You understand this as a moral imperative, but you can't help wondering if there is a limit to this directive. Does it extend to paying parental debts when they are unable to cover their own costs, most notably medical bills?

As long as zombies remain a fictional trope of movies and television, they're pretty fun. But a real-life zombie would be horrifying. It's pretty much the same with zombie debt: not so threatening in theory, but when put into practice it can have catastrophic consequences on your life.

So what kind of debt can rise from the grave and try to feast on your brains wallet? Here's a breakdown of zombie debt, and whether the companies trying to collect on it are doing it legally.

Payday lenders prey on those in financial need, offering quick money with interest rates as high as 300 or even 1,000 percent. But it's about to get a bit harder for those lenders to find their next victim. Google announced this week that it is banning advertisements for payday loans and related products from its AdWords system.

The search (and everything else on the Internet) company positioned the new rule as protecting users from fake or harmful products and misleading advertising, and civil rights advocates have supported the move.

What Is Welfare Fraud?

When you think about crime, you probably think violence -- murders, robberies, that kind of thing. However, a lot of crime is committed by people you would never consider criminals, and who don't see themselves that way.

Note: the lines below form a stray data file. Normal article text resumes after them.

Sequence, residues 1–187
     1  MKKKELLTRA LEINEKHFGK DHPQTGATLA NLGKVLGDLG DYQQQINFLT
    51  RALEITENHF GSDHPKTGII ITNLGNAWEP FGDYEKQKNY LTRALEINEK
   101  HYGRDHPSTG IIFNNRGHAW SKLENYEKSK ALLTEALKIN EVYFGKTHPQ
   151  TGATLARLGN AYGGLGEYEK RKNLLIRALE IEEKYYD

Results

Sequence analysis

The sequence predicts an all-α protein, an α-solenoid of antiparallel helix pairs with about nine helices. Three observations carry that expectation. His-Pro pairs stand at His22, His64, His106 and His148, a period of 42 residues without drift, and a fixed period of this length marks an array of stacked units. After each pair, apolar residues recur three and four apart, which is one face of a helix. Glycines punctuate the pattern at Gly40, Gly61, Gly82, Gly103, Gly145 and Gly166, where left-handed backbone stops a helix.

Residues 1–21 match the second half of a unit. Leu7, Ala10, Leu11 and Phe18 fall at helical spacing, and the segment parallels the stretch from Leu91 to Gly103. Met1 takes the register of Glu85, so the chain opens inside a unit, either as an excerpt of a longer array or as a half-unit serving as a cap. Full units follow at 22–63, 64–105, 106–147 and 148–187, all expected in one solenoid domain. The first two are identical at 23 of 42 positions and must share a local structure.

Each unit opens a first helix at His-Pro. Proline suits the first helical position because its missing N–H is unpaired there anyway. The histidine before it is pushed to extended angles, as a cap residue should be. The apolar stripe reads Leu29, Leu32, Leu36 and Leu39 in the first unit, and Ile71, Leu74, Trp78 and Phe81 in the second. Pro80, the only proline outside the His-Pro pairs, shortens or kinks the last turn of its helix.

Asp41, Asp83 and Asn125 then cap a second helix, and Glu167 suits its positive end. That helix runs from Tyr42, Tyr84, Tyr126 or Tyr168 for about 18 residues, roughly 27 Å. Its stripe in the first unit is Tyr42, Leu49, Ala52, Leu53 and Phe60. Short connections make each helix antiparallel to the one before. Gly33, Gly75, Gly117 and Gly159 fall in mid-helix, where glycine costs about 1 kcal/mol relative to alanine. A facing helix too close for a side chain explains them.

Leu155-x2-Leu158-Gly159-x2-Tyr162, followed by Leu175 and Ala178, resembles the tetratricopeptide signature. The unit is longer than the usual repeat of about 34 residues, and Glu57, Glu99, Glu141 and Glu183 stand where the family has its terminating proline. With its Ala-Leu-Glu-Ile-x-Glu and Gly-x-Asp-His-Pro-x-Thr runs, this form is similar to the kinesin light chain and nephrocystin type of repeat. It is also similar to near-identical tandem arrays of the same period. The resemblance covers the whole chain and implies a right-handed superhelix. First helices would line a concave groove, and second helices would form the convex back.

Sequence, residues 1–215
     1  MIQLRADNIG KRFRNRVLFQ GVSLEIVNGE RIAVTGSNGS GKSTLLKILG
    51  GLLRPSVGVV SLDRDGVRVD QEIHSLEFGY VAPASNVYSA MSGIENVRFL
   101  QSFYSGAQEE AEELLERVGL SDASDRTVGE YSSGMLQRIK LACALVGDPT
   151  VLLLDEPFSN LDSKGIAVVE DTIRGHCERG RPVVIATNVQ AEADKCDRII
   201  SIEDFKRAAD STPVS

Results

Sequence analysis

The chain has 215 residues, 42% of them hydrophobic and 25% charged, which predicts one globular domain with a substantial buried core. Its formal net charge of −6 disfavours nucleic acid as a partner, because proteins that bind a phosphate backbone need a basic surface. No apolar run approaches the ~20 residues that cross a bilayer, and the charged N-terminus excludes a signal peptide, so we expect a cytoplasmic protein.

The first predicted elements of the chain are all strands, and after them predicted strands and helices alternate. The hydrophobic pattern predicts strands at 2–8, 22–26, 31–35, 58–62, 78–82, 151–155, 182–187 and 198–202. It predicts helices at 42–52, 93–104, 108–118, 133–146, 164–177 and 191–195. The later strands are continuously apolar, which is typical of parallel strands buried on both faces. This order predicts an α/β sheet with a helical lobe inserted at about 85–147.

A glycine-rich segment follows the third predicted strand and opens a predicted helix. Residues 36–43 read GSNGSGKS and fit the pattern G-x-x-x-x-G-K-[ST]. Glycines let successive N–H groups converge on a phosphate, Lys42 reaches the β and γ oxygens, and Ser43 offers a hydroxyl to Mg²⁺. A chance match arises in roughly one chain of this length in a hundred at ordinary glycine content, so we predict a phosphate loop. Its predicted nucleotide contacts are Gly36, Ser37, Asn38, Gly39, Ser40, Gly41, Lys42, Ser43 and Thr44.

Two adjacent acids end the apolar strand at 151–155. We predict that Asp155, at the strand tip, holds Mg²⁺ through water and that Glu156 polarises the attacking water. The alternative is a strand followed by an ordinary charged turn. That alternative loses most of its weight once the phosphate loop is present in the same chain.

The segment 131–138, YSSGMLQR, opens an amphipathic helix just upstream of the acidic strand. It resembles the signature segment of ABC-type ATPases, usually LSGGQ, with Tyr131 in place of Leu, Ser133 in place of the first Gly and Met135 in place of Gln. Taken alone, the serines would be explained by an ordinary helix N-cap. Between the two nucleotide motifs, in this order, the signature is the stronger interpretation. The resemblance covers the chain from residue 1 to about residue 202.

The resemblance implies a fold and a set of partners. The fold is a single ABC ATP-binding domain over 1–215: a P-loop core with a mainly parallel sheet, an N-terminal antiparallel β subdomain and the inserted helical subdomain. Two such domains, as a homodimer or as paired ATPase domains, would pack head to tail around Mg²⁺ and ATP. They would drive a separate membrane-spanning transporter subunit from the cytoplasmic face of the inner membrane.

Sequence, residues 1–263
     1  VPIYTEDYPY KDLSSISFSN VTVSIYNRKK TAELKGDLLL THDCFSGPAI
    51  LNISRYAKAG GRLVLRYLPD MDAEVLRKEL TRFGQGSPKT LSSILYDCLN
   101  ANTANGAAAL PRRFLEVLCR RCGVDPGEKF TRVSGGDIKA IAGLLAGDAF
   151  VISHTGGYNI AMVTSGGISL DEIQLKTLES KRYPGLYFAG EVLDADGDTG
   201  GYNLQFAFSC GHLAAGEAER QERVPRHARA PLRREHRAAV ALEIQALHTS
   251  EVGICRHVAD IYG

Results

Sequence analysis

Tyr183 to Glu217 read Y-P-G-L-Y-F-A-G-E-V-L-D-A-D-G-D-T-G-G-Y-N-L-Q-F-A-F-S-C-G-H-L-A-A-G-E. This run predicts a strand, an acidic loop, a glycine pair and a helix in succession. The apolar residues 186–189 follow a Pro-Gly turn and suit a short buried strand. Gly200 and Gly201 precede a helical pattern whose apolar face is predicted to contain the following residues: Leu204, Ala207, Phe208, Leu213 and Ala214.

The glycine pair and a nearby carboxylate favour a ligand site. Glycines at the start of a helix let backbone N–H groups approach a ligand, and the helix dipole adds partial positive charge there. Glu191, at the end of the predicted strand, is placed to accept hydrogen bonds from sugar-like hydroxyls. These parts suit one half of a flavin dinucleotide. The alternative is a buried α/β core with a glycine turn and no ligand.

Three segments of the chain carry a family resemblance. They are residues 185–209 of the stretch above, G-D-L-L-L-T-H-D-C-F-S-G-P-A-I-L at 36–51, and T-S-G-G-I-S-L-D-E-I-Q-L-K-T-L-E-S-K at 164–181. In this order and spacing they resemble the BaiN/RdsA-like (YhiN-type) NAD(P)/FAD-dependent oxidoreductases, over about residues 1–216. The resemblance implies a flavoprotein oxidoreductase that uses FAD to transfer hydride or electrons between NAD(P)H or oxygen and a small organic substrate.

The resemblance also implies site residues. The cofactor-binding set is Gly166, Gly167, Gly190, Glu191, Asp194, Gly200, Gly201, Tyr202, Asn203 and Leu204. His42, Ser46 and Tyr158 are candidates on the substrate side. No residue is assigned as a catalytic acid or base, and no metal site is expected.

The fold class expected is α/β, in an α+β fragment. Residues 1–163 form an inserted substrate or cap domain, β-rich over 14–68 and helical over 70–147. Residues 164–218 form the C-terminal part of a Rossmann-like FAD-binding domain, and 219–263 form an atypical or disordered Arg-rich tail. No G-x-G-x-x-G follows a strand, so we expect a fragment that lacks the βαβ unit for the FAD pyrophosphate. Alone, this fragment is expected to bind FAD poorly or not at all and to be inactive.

Every day, regular folk at all socioeconomic levels commit fraud on the government by misreporting information to avoid making payments or to receive benefits. Welfare fraud is among these crimes, and the consequences when caught can be severe. Let's look at a recent Connecticut case that illustrates welfare fraud.

Do Car Loan Companies Discriminate Based on Race?

The Consumer Financial Protection Bureau and the Department of Justice have been fighting for our right to fair financing, and you might be surprised by an area of recent focus. Since 2013, the agencies have been investigating indirect lenders associated with car companies and dealers, and they found their financing policies have a discriminatory impact on non-white borrowers.

The most recent target of investigation, reports JD Supra, is Toyota Motor Credit. The company this year entered into an enforcement order with the agencies -- a sort of plea deal -- to address the issue. It should be noted that the agencies did not find discriminatory lending was deliberate, yet it ended up having a discriminatory impact.

Almost all of us have had a disagreement with our credit card company. Whether it's a disputed charge, a surprise annual fee, or a shift in the interest rate, disputes are bound to happen. And when they did, most user agreements meant that consumers were obliged to resolve those disputes via arbitration, rather than lawsuits.

But those days may be over. A new proposed rule from the Consumer Financial Protection Bureau (CFPB) would allow aggrieved consumers to bring class action lawsuits against financial institutions like credit card companies. So what does this mean for you and your credit card dispute?